Summary: God’s thoughts are above ours, unattainable, but He has made them available to us.

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My ways, My thoughts, My words

Isaiah 55:8-11

Isaiah might be one of the great geniuses of history. He did not take the trouble to define and systematize all he knew, but his observations were way ahead of their time. It is easy to overlook, since many of the scientific ideas we take for granted have been around for centuries or at least decades. But that is all, they have not been around for millennia.

In the late 1700s when Antoine Lavoisier discussed the principles of evaporation in his landmark book, The Elements of Chemistry, he did not take credit for discovery of the process. He described the process, but discussed it as a law of nature, something already known. Isaiah knew it. He knew it on such a grand scale that in a very concise way describes several scientific ideas:

Levoisier’s description of evaporation: Isaiah shows that water returns to the heavens where it prepares to come to earth again.

Newton’s law of conservation: Isaiah showed how the use of water does not destroy it, but eventually, after accomplishing a complex purpose, recycles it back into the clouds.

Clapham’s conception of the ecosystem: Isaiah shows how the physics and chemistry of water are related to plant biology and the symbiosis of the food chain.

We might think that everyone knows these things, but the exact interaction of these different processes were not yet known to everyone in 800 BC. That’s why so many people worshiped gods of water and sky and fertility. Isaiah believed in one God who was in charge of all these processes, but he also saw them as natural predictable systems that had their own mechanics and laws.

Not only is Isaiah a scientific thinker ahead of his time, but he is a poet comparable to the greatest poets in history. He is not content to say that God’s word is like the rain, He goes to great lengths to show what he means by this statement. His use of extended metaphor in this passage rivals Homer’s who was using similar devices in The Illiad and The Odyssey around the same time in Greece.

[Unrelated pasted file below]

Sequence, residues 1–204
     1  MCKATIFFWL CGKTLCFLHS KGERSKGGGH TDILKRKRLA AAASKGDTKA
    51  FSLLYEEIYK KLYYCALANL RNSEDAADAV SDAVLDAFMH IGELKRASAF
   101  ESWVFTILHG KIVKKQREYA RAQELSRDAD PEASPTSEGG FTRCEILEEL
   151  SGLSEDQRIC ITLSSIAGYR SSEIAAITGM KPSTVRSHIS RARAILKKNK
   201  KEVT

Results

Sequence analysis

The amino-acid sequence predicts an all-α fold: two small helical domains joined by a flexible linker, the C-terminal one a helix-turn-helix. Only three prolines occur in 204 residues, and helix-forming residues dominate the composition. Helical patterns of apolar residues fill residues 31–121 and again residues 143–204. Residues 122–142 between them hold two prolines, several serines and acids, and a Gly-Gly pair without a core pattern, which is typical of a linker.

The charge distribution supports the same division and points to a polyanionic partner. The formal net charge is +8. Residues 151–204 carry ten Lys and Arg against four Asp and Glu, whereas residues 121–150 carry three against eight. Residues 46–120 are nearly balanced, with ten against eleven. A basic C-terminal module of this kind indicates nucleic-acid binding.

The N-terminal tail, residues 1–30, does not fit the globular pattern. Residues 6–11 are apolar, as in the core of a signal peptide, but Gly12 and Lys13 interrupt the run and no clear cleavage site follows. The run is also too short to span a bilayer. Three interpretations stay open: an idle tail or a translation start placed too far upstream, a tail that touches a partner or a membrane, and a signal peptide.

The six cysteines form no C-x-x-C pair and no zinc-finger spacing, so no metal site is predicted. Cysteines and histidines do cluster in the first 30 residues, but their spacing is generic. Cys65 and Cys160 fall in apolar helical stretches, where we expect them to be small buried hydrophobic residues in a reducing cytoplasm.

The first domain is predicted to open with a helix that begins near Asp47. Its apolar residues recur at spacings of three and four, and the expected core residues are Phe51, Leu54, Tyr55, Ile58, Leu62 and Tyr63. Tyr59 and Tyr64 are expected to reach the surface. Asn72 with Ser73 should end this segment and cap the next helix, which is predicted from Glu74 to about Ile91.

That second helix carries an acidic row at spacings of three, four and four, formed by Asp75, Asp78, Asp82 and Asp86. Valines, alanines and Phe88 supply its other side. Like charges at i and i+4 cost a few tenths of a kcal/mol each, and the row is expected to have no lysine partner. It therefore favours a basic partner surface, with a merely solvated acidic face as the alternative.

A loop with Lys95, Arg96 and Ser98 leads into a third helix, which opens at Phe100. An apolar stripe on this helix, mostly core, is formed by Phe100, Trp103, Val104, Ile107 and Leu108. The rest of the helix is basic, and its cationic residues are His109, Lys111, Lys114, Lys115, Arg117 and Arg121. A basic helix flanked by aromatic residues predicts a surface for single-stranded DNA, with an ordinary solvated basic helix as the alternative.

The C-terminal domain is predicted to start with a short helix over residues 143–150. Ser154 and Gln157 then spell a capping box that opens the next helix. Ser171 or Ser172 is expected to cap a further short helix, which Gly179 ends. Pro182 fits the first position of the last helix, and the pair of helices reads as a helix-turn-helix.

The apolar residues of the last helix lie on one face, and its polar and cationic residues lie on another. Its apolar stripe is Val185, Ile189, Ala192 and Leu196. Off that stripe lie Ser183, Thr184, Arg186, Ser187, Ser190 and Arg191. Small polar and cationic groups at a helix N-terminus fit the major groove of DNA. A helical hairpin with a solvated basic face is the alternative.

I am somewhat biased, but I will go so far to say that Isaiah does it better than Homer.

Isaiah does something even more impressive with this passage. He combines his observations of the natural world with poetry to paint a beautiful picture of weather, crops and food. Then he uses the whole thing to a higher spiritual purpose. He describes the working of God and compares His thinking to ours.

God’s thoughts are not our thoughts

Isaiah is not content to show that they are fundamentally different, but that God’s thoughts are unreachably superior.

Where are the heavens? Can we reach them?

It is difficult to say. If we take an elevator to the top of the Sears tower, or climb a mountain we may find ourselves engulfed by clouds. Have we reached the heavens? We still have a fundamental attachment to the earth. We feel the height we have reached, but we are aware that there is much more above us.

If we fly in an airplane or a jet, we may find ourselves above the clouds with nothing but blue sky above us on an overcast day. Have we reached the heavens? We are sometimes frighteningly aware that we still have a fundamental attachment to the earth. We may not have bedrock under our feet, but gravity still tugs at us and turbulence reminds us that it is a long way down, but we would reach it faster than we want to.

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